In the case of Grecia vs. Salas (34 Phil. Rep., 948), five different and distinct election protests had been presented by five different persons in the Court of First Instance. They were each heard separately and each dismissed for the reason that the petition in each case had been signed by the attorney for the protestant and not by the protestant himself. Later, a petition was presented in the Supreme Court in which the parties interested in the said five separate and distinct causes joined in a petition for mandamus, asking that the lower court be required to reinstate each of said causes and to proceed to hear the separate protests. Objection was presented that there was an improper joinder of parties in the petition in this court. In deciding that case much was said concerning the proper joinder of parties. Notwithstanding the objection which was made and the argument against the joinder of parties, this court granted the remedy prayed for and required the lower court to reinstate each of said protests and to proceed to try them upon their merit. That case (Grecia vs. Salas, supra) is no authority for the contention of the petitioner herein.

In the present case twenty-six persons joined in one motion of protest. If the contention of the petitioner is sustained, then, in order to settle the alleged irregularities and frauds complained of in the motion of protest, twenty-six separate and distinct protests must be filed. The alleged frauds and irregularities mentioned in the motion of protest were committed in practically every precinct of the municipality. Can there be any legal objection in requiring the court to hear the proof relating to the frauds and irregularities in eacfi precinct as they affect the different protestants ? To require twenty-six separate and distinct protests to be filed, in our opinion, would necessarily increase the expense of the Government and would greatly hamper and molest, not only the parties directly interested but also the witnesses, who must be called. Practically every witness would be called twenty-six different times; each item of evidence, or paper, or document relating to the fraud would have to be examined twenty-six times, and the testimony recorded an equal number of times. The final adjudication of the questions presented would thus be greatly delayed; the expenses of the municipality would be greatly increased; the citizens of the community would be unnecessarily annoyed for an unnecessary period; and perhaps the conclusion and final adjudication of the questions presented would be delayed until the terms of office of those who had been illegally declared elected had fully expired.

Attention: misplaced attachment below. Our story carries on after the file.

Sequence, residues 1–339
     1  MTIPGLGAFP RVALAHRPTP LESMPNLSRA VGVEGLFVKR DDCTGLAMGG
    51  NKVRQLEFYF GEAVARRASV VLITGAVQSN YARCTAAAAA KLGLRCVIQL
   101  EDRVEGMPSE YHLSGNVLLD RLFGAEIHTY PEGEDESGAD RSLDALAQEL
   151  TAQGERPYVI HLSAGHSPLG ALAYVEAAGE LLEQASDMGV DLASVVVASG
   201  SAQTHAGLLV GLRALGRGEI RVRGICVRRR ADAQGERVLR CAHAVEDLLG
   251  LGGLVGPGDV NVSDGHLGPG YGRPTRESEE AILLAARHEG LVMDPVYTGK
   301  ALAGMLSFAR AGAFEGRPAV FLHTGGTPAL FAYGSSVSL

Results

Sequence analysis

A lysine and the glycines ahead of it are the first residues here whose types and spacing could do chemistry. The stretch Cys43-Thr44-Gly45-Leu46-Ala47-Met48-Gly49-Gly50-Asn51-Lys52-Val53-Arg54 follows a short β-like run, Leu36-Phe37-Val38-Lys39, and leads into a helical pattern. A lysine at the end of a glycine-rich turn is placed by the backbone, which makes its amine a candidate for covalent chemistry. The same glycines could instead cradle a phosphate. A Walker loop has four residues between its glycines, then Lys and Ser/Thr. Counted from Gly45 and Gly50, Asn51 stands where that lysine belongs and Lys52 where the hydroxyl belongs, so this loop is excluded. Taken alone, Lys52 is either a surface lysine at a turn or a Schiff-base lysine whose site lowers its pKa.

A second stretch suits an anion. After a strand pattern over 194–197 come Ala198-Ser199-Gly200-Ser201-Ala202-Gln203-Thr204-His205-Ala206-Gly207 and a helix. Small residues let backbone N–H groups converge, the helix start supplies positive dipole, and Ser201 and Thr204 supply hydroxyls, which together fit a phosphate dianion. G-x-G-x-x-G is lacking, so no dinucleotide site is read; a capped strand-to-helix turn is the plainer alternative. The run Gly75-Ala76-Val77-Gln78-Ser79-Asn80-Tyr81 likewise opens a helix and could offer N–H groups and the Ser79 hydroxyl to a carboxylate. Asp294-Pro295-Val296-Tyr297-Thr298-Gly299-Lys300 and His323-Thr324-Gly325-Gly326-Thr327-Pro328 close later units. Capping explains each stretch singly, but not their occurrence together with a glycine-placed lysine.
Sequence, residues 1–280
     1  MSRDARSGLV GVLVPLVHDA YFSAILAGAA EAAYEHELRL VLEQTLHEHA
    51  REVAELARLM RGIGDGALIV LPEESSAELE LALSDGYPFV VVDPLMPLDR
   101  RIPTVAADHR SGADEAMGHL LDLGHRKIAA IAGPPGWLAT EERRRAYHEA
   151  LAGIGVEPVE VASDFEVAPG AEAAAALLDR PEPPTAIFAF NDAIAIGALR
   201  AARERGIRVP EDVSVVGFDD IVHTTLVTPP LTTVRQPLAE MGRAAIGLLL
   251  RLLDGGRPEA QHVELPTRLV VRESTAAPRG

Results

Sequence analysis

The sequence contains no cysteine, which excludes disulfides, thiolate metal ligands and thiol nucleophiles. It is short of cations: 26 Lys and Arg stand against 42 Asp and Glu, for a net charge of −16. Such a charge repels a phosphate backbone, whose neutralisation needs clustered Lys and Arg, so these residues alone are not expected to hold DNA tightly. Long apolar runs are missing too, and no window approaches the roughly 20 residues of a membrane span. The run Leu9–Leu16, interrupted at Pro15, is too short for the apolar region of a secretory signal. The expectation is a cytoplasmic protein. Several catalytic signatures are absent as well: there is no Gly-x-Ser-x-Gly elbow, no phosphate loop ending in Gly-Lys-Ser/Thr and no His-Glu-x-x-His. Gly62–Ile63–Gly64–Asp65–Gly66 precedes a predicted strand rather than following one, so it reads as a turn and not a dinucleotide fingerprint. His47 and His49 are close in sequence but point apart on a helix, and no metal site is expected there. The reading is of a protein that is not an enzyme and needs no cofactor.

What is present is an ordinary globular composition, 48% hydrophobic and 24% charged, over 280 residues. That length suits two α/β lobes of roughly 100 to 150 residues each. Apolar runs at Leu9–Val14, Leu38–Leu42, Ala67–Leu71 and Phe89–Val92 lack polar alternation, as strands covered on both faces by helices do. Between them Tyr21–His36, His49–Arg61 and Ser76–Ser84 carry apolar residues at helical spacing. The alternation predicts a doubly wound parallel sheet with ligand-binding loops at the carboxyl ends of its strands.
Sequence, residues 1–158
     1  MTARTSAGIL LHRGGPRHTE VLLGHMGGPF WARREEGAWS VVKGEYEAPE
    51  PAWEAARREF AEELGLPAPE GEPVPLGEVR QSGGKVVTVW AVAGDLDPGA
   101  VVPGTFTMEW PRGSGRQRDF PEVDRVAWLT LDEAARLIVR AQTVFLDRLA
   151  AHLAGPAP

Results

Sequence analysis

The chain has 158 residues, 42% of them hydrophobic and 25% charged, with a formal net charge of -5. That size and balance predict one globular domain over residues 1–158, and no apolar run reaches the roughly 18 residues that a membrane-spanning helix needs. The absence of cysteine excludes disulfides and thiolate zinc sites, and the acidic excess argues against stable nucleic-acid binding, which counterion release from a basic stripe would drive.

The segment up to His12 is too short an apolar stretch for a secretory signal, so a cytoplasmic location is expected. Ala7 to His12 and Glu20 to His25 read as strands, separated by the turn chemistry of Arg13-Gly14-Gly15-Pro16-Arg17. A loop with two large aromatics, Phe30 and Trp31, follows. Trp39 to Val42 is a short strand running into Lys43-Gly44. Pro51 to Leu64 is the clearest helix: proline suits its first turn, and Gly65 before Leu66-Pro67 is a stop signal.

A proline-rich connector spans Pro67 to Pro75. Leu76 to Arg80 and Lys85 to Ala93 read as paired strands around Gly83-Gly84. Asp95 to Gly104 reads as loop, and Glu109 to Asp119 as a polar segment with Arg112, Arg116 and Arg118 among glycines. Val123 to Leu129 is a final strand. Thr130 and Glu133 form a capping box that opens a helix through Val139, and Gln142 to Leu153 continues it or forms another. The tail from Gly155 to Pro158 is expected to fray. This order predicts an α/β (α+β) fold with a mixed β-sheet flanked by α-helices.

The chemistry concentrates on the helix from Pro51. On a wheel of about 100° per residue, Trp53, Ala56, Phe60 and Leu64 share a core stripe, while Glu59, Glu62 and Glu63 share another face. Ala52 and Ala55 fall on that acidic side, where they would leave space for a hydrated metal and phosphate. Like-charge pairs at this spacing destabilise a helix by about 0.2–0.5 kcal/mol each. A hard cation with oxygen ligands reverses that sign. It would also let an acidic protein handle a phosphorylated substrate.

The law contemplates that election contests should be concluded as speedily as possible, to the end that the real will of the voters may be given effect. The hardship caused by unnecessary delays, and a multiplicity of actions should not be imposed upon the people of the municipality in cases of this kind without the very best and. sufficient reasons. We see no reason why the judge should not be permitted and required to hear all of the evidence relating to the alleged frauds committed and to apply the evidence to the persons affected thereby. Moreover, no sufficient reason has been given showing in what manner the respondents can be deprived of any right or benefit which the law guarantees to them by permitting the respondents herein in joining in one election protest. If, perchance, any of their rights or interests may be jeopardized, the trial court will find a way to protect them. We can see no insurmountable difficulty in requiring the judge to investigate, decide, and give effect to all the proofs relating to irregularities and frauds which may be proved in an election contest. We see no greater difficulty in permitting" the joinder of the parties in the present case, arising from a confusion of issues, than there exists in cadastral surveys and in actions of ejectment when the oppositors and defendants are numerous.

For all of the foregoing reasons, we are of the opinion and so decide that all of the candidates for office in a municipality, including the president, vice-president and councilmen, who have been deprived of their right by irregularities and frauds in a municipal election, may join as parties protestant in one motion of protest.

Therefore, the petition is hereby denied, with costs against the petitioner. So ordered.

Arellano, C.J., Torres, Araullo, Street, Malcolm, Avanceña, and Moir, JJ., concur.

Writ denied.